There are, of course, all manner of hard questions that we could ask, even if we were supportive of Ukraine in this war. That this is a conflict that has constantly inspired left-leaning people to literally say “well, yes, there’s Nazis, but…” might be seen as a matter of some concern. Perhaps, we might just say, isn’t that a little disturbing? But not in this discursive environment. Or we might consider that a total loss for Russia could be one of the most dangerous outcomes for the world even if you support Ukraine. What do you think happens, with a wounded and isolated Russia? Let’s say people get what they want and Putin is deposed. What do you think happens next? We finally get that shining city on a hill in Moscow that we were promised with the collapse of the Soviet Union? That we’ll get the world leader we expected Bagdhad to be in 2003, that a foreign country with foreign people and foreign concerns will suddenly become a docile member of the liberal-capitalist order? Maybe the best post-Putin outcome would be for a similar corrupt autocrat to take his place; at least then there might be stability. A far more likely and more frightening outcome is that leadership is splintered, you have in effect a set of rival warlords squabbling over the spoils, and the world’s largest nuclear arsenal is exposed in a terrifying way. Seems like something to worry about.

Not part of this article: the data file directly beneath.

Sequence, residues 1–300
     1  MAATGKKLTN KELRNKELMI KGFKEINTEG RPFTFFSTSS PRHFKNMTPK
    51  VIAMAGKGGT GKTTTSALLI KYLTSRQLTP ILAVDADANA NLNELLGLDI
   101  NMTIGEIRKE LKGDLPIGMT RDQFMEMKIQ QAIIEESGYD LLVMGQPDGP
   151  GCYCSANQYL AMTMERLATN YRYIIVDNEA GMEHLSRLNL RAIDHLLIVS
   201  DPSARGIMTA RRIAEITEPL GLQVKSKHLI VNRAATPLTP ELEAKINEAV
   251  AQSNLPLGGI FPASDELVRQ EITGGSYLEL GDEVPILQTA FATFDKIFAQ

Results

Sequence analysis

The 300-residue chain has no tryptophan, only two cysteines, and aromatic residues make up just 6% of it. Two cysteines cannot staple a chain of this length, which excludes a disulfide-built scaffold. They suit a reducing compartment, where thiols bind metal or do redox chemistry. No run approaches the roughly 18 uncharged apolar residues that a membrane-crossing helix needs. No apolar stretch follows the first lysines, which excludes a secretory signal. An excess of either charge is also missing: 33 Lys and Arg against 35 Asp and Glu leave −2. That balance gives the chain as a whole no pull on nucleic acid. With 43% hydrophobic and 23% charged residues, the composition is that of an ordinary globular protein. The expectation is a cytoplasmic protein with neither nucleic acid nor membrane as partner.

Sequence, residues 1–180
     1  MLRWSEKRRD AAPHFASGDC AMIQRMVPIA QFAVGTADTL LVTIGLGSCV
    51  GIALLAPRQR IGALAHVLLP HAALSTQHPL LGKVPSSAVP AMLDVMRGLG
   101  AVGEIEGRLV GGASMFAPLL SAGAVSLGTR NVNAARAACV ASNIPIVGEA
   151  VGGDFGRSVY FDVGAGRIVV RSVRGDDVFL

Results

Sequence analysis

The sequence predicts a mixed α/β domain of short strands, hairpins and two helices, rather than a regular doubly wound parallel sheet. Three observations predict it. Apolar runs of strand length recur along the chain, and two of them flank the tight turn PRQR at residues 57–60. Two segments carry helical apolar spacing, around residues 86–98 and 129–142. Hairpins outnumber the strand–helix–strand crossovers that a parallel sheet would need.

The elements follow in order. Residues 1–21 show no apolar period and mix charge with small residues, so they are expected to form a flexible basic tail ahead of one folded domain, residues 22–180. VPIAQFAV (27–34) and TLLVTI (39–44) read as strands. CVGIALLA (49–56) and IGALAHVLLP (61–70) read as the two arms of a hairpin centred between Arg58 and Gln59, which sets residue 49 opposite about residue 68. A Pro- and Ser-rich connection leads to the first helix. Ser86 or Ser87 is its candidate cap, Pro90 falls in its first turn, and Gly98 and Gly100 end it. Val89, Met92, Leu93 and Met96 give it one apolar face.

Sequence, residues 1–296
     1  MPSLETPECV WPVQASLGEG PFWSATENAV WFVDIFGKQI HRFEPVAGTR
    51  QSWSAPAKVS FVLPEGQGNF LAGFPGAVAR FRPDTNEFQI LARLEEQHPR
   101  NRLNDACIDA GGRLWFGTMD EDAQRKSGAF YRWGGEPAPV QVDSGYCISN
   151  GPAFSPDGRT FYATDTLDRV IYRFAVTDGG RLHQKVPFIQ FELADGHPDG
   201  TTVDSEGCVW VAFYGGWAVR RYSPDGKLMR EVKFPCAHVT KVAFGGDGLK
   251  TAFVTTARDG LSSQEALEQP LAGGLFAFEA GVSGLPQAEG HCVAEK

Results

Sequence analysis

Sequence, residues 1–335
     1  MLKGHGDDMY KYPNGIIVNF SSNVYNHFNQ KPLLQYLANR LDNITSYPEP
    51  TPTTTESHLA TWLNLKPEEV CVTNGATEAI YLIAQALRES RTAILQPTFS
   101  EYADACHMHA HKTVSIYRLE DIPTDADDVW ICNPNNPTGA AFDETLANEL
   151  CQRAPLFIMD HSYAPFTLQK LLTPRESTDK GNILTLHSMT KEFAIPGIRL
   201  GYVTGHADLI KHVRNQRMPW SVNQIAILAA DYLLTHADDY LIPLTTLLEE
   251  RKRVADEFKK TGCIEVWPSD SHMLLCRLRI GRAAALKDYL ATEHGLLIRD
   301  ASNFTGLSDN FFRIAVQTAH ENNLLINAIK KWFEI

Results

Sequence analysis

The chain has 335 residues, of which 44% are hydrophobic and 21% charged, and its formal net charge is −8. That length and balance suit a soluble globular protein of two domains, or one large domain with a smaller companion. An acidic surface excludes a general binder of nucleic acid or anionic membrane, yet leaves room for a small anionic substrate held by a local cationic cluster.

But, no. To a degree that genuinely shocks me, hard questions have been forbidden. Complications have been denied. Comparisons to previous conflicts have been forsaken. And this from Democrat and Republican, liberal and leftist, neocon and Never Trumper. It’s constant, everpresent, and relentless, the denial of any complication in the case of Ukraine and Russia. The glee and the gloating and the urge to ridicule anyone who takes even a single step outside of the consensus is remarkable, unlike anything I’ve ever really encountered before. And I find that I can’t even get people to have a conversation about that, a meta-conversation about why the debate on Ukraine is not a debate, about why there are many people who will consider any political position except one that troubles the moral question of Russia’s invasion, about why so many people who learned to speak with care and equivocation during Iraq now insist that there is no complication at hand with this issue at all. I can’t even get a conversation about the conversation going. People get too mad.
There is no a priori reason why Saudi Arabia’s ongoing rape of Yemen should inspire such apathy compared to Ukraine. I mean, Arab life is cheap to Americans, but even still, you'd think we'd summon one tenth as much coverage. But then Yemen isn't a war that makes people feel good. It's a bummer, not a child's vision of stalwart knights against the evil wizard. And I think the last two decades of failure for the American military machine, and our failure to fight good wars, has everything to do with it, has everything to do with the remarkable enforcement of consensus on this issue.